Hasegawa 1/72 TBM-1 Avenger






See review


Caz Dalton








The model I have done represents one of two Eastern Aircraft TBM-1C "Avenger" aircraft that executed the first American rocket attack of World War II on January 11, 1944. Both aircraft operated from the escort carrier USS GUADALCANAL with Composite Squadron VC-58 doing hunter-killer ASW (anti-submarine warfare) operations in the middle Atlantic. The rocket attack was against the German submarine U-758 and although not sunk, the submarine had to return to port with heavy damage and was scrapped.

The flight crew for 58-C-26 on that day was LT JG L. L. Mc Ford, pilot; ARMS3/c Charles Gertsch, bombardier/radio operator; and AMM2/c W.H. Ryder, rear turret gunner.



Sidewalls added using styrene strip. Accessory boxes, throttle, and such done with styrene sheet. Kit's cockpit floor was cut away on the starboard side for access of bombardier to rear compartment. Seat belts for unused bombardier's seat were from True Details. Gunsight reflector glass cut from clear sheet styrene.

The rear turret was spruced up with armor plating from styrene sheet and armored glass from .30 clear styrene sheet. Gun control box and handle were done with styrene sheet and copper wire. Copper wire also used for turret electric wiring. The gun opening cover was cut from styrene strip. The area in front of the seat had to be cut out to make room for my gunner.

Crew figures came from IPMS members. The rear turret gunner is actually a HO (1/87-scale) figure with a 1/72-scale head grafted on. The 1/72nd scale figure would not fit in the seat provided. Although not well seen, I chose to put my bombardier/radio operator in the rear compartment where he most often flew on combat missions. For this reason I had to scratch-built the compartment (seats, radio boxes, ammo containers, and such).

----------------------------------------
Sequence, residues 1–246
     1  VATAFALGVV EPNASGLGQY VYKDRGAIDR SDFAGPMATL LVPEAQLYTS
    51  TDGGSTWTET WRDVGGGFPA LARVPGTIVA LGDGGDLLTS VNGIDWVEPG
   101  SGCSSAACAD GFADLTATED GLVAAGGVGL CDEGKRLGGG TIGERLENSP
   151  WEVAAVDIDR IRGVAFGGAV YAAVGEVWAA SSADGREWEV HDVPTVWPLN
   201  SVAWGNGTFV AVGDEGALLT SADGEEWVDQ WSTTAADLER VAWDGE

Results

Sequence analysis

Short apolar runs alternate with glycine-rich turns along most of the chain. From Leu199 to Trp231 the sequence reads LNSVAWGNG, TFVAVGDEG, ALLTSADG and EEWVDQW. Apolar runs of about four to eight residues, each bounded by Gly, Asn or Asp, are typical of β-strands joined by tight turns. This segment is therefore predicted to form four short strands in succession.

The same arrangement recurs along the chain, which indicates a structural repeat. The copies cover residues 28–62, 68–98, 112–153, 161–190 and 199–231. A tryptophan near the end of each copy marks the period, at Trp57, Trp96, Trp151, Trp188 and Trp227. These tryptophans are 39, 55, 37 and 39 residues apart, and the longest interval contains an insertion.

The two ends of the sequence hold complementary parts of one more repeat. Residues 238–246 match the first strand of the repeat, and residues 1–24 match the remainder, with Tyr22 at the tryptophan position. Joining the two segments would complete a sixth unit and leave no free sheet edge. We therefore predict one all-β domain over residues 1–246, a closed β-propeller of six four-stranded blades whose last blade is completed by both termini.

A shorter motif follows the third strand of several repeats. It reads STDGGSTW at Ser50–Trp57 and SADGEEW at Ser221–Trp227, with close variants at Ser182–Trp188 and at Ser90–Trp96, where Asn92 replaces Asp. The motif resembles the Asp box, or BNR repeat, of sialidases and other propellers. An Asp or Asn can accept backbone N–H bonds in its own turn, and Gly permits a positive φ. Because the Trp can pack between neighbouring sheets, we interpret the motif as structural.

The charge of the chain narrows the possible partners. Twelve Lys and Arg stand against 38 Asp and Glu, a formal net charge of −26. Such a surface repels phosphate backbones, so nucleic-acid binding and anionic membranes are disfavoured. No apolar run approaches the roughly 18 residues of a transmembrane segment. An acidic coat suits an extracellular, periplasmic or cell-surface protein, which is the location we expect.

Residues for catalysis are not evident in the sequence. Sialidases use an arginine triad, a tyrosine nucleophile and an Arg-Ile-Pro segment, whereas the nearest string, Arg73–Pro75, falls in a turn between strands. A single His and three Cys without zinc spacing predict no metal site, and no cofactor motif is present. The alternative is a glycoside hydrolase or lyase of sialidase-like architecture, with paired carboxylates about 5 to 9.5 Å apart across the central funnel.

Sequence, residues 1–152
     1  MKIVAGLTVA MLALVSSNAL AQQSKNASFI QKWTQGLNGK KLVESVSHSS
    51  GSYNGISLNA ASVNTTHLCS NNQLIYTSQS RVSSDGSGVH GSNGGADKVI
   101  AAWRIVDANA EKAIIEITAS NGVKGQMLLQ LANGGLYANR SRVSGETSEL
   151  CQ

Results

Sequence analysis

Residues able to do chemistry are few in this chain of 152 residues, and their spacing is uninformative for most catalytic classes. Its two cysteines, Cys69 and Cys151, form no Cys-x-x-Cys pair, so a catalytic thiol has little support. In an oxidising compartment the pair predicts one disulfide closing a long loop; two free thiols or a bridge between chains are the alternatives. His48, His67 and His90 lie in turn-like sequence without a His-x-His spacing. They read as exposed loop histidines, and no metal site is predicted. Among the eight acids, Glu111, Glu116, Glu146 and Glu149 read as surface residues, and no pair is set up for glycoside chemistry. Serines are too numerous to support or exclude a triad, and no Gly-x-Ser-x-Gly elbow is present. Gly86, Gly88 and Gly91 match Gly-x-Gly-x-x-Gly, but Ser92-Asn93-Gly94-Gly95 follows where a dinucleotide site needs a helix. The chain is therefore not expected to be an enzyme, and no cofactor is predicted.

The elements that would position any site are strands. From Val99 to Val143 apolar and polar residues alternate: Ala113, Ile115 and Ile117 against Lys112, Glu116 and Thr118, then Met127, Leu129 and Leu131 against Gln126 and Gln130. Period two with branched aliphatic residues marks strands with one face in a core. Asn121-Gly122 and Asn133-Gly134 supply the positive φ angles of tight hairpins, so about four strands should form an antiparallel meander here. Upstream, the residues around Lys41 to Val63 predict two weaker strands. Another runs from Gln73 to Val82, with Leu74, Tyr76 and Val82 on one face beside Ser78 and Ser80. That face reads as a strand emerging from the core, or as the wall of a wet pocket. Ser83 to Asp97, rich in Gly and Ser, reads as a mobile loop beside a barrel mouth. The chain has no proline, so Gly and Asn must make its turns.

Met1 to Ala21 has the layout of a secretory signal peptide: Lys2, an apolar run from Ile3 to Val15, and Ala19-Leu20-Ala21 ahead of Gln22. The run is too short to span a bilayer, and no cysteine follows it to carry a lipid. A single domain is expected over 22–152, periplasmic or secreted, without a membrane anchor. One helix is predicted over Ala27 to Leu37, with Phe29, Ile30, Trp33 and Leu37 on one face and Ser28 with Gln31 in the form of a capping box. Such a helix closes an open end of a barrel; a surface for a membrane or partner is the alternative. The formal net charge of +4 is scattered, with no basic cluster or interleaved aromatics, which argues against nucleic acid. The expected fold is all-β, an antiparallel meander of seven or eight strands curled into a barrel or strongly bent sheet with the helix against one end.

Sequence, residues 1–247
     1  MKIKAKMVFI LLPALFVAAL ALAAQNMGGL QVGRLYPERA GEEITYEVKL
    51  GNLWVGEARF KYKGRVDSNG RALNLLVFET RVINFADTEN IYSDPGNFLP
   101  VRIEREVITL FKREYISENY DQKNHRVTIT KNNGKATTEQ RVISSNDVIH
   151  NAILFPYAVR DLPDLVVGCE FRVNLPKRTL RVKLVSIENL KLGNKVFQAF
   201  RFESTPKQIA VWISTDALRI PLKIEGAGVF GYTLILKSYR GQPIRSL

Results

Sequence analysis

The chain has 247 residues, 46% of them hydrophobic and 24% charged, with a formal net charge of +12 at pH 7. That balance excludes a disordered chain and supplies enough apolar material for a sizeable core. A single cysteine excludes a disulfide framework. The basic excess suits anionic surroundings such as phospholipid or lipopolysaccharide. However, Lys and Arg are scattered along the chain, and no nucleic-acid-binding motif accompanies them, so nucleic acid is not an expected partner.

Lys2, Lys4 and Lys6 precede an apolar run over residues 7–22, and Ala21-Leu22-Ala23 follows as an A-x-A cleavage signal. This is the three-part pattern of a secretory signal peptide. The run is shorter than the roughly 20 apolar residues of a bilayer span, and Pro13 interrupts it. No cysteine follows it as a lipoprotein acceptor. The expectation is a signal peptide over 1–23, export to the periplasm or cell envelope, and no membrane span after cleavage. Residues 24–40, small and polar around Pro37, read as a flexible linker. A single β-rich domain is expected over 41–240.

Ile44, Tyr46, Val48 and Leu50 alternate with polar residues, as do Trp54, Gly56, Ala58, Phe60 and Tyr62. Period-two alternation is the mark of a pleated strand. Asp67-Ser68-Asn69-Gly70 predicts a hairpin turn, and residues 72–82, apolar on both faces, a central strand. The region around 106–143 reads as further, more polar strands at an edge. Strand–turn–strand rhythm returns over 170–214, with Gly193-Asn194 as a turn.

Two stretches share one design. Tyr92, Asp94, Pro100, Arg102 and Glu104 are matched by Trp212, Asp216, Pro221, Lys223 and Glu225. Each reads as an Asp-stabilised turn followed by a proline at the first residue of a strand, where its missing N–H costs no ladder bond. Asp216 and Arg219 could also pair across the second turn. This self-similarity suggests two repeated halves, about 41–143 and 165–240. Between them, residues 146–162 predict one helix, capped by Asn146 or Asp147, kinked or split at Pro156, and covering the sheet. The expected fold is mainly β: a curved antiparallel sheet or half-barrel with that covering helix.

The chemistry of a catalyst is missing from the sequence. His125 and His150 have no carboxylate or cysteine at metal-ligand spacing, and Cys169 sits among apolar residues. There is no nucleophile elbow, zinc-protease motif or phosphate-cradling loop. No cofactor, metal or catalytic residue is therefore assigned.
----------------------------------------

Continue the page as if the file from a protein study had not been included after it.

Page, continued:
I didn't like the representations of the kit's turret and ventral gun barrels (the turret barrel looked like a 30 caliber and the ventral barrel looked like a 50 caliber). I used hypo tubing of an appropriate size to represent the turret gun as a 50 caliber and the ventral gun as a 30 caliber. I added handles to the ventral gun using styrene tubing. The cartridge ejection bag on the turret gun was done with styrene sheet coated with epoxy to round it out.


The kit's Yagi radar pieces were carefully drilled to except .010 stainless steel wire to more properly represent these units. The Mk-4 rocket rails were scratch-built using Plastistrut u-shaped strip and styrene rod. These were attached to drilled out flash holes for the Mk-5 rocket launchers supplied with the kit. The rockets came from a HASEGAWA P-38 kit. They were drilled out at the rear and a piece of 34-gauge aluminum thread was inserted into the opening and the rear of the rail to represent the electric ignition wires for the rockets. Smoke-colored invisible thread was used for the aerial wiring.

Although not seen, I had to do quite a bit of cutting, thinning, and model engineering to properly represent the landing gear in the retracted position. I also sanded the bulge at the rear of the fuselage that represented the tailhook and scratch-built a more believable unit from styrene rod.

No modifications were done to the engine other than adopting it and the propeller to except two sizes of brass tubing so that the prop would spin with the slightest breeze. Kids of all ages are invited to blow it; JUST DON'T SPIT!


Clear areas were masked with Bare-metal foil and given a coat of interior green before priming the entire model with Krylon Flat White primer shot through the airbrush. Once dried and sanded the lower surfaces were giver two coats of Polly Scale White. Masks were cut for the lower surfaces and the upper surfaces were sprayed Polly Scale Dark Gull Gray. The model was next given two coats of Polly Scale Clear Gloss for decal prep. Only the vertical tail IDs were taken from the kit's decal sheet. All National Insignia, in addition to the lettering and numbering were take from Superscale decal sheets. Once dried and cleaned, all recessed controls and accesses were given dark gray and black ink washes. All was sealed in an additonal gloss coat followed by two coats of Polly scale Clear Flat. Exhausts stains were lastly applied using dark gray and black powdered pastels. Wing lights were painted clear red and clear green as required.

Article and photographs Caz Dalton 1996/1999

Published May 2000

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